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Legal and Judicial History
A trial in Richfield, Territory of Utah. Frontier justice was often rough and arbitrary by modern standards. Courtesy Nelson Wadsworth.
by Robert E. Riggs
THE CHURCH of JESUS CHRIST of Latter-day Saints has usually relied upon the law for protection and has honored its judgments in principle and practice. The one significant exception was its resistance to antipolygamy laws before plural marriage was discontinued in 1890. Obedience to the law of the land is a tenet of LDS belief (see Politics: Political Teachings).
Despite this respect for law, nineteenth-century LDS history includes numerous encounters with the law. Peculiarities of doctrine and practice, accompanied by social cohesion that appeared threatening to outsiders, spawned both persecution and frequent litigation for the Church and its leaders. In western New York, where the Church had its genesis, and in Ohio, where the Prophet Joseph Smith moved in 1831, evenhanded justice was generally available in the courts. Three times in New York, Joseph Smith was tried and acquitted for "vagrancy" and "disorderly conduct," the charges stemming largely from religious hostility (see Legal Trials of Joseph Smith). In Ohio the Prophet and other Church leaders used the courts affirmatively to obtain redress against religious persecution. Near the close of the Ohio period, the failure of the Kirtland Safety Society (see Kirtland Economy), a lending institution, brought a host of lawsuits against individual Church leaders who had sponsored it. The society was engaged in banking activities without a legal charter and collapsed in the wake of bank failures that swept the nation in 1837. Numerous judgments were obtained against Joseph Smith and other principals, some of which they were unable to pay, but anti-Mormon bias appears not to have been a factor in the decisions.
In Missouri, where the Latter-day Saints began to gather in 1831 and where the Prophet went after fleeing Kirtland in January 1838, the courts were less sympathetic. In 1833-1834 the Saints were forcibly expelled from Jackson County and forced into Clay County, Missouri, by mob violence. After resettling in nearby Caldwell and other Missouri counties, they were again driven from their homes in 1838-1839 by armed mobs abetted by the state militia. In neither instance were they able to obtain judicial redress for loss of life and property. Instead, incident to the expulsion from Caldwell County, Joseph Smith and other Church leaders were arrested as instigators of the violence on charges of larceny, arson, and murder. Most of the prisoners, including the Prophet, were later allowed to escape, and they fled to Illinois. Two who reached trial were acquitted for lack of evidence.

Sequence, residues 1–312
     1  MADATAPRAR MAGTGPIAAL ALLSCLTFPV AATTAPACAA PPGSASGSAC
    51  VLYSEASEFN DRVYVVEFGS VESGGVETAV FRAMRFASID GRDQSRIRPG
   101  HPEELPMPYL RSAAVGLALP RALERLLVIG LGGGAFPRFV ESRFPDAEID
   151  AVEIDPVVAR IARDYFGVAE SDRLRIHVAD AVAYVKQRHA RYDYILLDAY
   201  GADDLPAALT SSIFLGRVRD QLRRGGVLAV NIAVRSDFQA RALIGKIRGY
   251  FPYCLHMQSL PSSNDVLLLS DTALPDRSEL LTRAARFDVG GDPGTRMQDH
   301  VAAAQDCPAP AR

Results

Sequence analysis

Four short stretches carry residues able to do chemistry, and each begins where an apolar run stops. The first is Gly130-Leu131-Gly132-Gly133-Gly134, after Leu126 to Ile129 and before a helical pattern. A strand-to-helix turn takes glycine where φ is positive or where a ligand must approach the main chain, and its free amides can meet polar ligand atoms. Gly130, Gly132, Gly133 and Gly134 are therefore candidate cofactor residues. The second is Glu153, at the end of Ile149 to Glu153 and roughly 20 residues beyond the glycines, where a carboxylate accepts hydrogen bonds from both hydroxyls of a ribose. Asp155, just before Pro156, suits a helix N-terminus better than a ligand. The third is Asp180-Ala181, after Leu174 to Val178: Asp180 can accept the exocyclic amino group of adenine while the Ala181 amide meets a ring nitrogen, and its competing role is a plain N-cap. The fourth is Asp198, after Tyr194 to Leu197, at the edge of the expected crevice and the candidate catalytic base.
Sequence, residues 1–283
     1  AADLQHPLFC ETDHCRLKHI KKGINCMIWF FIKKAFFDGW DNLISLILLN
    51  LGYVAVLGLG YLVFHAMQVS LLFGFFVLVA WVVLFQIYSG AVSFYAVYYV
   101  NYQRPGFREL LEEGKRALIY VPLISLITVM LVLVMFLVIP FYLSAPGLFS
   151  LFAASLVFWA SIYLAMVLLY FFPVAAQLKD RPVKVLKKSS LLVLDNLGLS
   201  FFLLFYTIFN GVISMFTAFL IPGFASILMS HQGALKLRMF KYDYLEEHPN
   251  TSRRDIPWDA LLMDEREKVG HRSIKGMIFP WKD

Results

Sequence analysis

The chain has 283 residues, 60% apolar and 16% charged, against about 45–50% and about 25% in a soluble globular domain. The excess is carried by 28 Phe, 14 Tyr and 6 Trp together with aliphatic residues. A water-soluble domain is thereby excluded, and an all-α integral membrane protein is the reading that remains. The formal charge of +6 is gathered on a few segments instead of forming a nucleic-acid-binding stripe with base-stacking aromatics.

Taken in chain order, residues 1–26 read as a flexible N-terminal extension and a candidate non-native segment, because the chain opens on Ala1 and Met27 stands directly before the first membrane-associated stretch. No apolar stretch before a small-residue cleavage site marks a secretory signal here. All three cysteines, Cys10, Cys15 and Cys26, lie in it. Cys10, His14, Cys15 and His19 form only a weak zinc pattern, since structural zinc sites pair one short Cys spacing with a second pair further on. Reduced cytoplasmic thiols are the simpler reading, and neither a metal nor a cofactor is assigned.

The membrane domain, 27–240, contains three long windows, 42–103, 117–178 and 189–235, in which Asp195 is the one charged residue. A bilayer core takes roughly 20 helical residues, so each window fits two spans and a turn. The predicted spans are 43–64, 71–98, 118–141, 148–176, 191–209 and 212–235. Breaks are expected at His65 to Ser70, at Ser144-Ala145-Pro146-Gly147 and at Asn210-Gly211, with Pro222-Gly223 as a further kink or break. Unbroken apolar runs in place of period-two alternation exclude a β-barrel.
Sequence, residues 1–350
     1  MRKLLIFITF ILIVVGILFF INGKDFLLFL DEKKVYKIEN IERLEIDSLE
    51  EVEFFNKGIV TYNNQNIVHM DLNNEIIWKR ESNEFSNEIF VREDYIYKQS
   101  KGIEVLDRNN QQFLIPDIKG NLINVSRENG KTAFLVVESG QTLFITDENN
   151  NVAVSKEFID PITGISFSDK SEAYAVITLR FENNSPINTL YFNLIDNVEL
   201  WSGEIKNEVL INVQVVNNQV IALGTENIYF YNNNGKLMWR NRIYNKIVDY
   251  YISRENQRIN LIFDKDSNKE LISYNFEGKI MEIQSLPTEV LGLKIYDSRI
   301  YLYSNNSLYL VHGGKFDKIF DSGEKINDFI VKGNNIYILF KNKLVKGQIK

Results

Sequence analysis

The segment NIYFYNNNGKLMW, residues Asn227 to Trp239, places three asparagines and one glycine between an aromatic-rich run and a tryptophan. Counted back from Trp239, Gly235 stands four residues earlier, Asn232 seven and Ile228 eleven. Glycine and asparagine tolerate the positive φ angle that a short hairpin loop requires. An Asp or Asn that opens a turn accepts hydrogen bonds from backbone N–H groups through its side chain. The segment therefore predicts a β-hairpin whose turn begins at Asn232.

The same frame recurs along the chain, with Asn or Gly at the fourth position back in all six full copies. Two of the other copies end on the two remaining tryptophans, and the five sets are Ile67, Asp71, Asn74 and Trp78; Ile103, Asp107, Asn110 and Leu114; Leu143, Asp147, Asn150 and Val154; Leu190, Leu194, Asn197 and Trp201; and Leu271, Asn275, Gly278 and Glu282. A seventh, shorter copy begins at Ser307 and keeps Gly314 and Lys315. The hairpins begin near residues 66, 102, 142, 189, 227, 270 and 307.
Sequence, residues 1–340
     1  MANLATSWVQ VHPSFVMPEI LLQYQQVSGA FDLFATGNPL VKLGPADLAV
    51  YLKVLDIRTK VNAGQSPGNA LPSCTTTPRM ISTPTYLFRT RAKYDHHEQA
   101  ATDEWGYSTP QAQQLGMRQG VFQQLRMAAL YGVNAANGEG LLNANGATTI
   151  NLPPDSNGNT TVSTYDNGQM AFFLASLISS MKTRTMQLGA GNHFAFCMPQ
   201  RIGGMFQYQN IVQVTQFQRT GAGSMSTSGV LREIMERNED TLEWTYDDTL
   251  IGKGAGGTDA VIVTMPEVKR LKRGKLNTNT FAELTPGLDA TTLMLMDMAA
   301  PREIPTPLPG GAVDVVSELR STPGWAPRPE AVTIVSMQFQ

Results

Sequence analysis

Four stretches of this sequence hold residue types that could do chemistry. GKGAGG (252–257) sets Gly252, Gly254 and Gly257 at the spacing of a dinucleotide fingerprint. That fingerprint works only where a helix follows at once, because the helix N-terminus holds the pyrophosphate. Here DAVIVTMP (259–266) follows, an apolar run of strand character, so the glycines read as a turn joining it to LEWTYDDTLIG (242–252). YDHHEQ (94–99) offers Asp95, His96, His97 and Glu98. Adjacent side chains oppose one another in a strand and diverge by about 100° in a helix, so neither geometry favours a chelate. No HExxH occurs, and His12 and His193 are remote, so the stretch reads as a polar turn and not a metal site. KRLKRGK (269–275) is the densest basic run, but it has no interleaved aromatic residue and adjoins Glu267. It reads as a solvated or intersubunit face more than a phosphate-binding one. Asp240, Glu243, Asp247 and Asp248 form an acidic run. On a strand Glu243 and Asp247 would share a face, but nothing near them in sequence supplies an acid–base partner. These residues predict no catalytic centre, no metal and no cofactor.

In Illinois, for a time, the Saints had a more favorable experience with the law. Courted by Illinois politicians, they obtained a liberal state charter for their city of Nauvoo. Under the Nauvoo charter the local court consisted of the mayor of Nauvoo and the city aldermen, who were also Church leaders. By ordinance, no legal process issued in any other jurisdiction could be served in Nauvoo except by the city marshal, and then only when countersigned by the mayor. The Nauvoo court made extensive use of the writ of habeas corpus to free persons held under arrest warrants issued by courts outside Nauvoo. Joseph Smith was discharged from arrest several times on writs issued by the Nauvoo court; he also obtained habeas relief from the federal district court in Springfield, Illinois. In June 1844 the Prophet accepted the need to stand trial at Carthage, the county seat, on charges arising from the Nauvoo city council's decision to declare the Nauvoo Expositor (a newly created opposition newspaper) a nuisance and destroy its printing press. While imprisoned in Carthage Jail awaiting trial, he and his brother Hyrum were killed by a mob. (See Martyrdom of Joseph and Hyrum Smith) His accused assassins were tried and acquitted. The Illinois legislature repealed the Nauvoo Charter in January 1845, and in early 1846, threatened by mob violence, the Saints began a westward exodus that ultimately led to Utah.
In Utah, local government officials were usually Church leaders, and the territorial legislature and local judges were drawn almost exclusively from Church membership. When the Utah Territory was formally organized in 1850, Brigham Young, President of the Church, was appointed territorial governor. A system of ecclesiastical courts was established alongside the territorial courts, and most disputes between Church members were settled there rather than in the civil courts. Except in special circumstances, suing a brother or sister in a civil court constituted "un-Christianlike conduct," for which a penalty of Church disfellowshipment was often imposed. Nonmembers occasionally took their civil claims to Church courts as well. The county probate judge was usually a local Church leader, and probate courts were important in the judicial system because the territorial legislature had given them broad jurisdiction in both criminal and civil matters. Congress abolished the general jurisdiction of the probate courts in 1874 as part of the federal campaign against polygamy.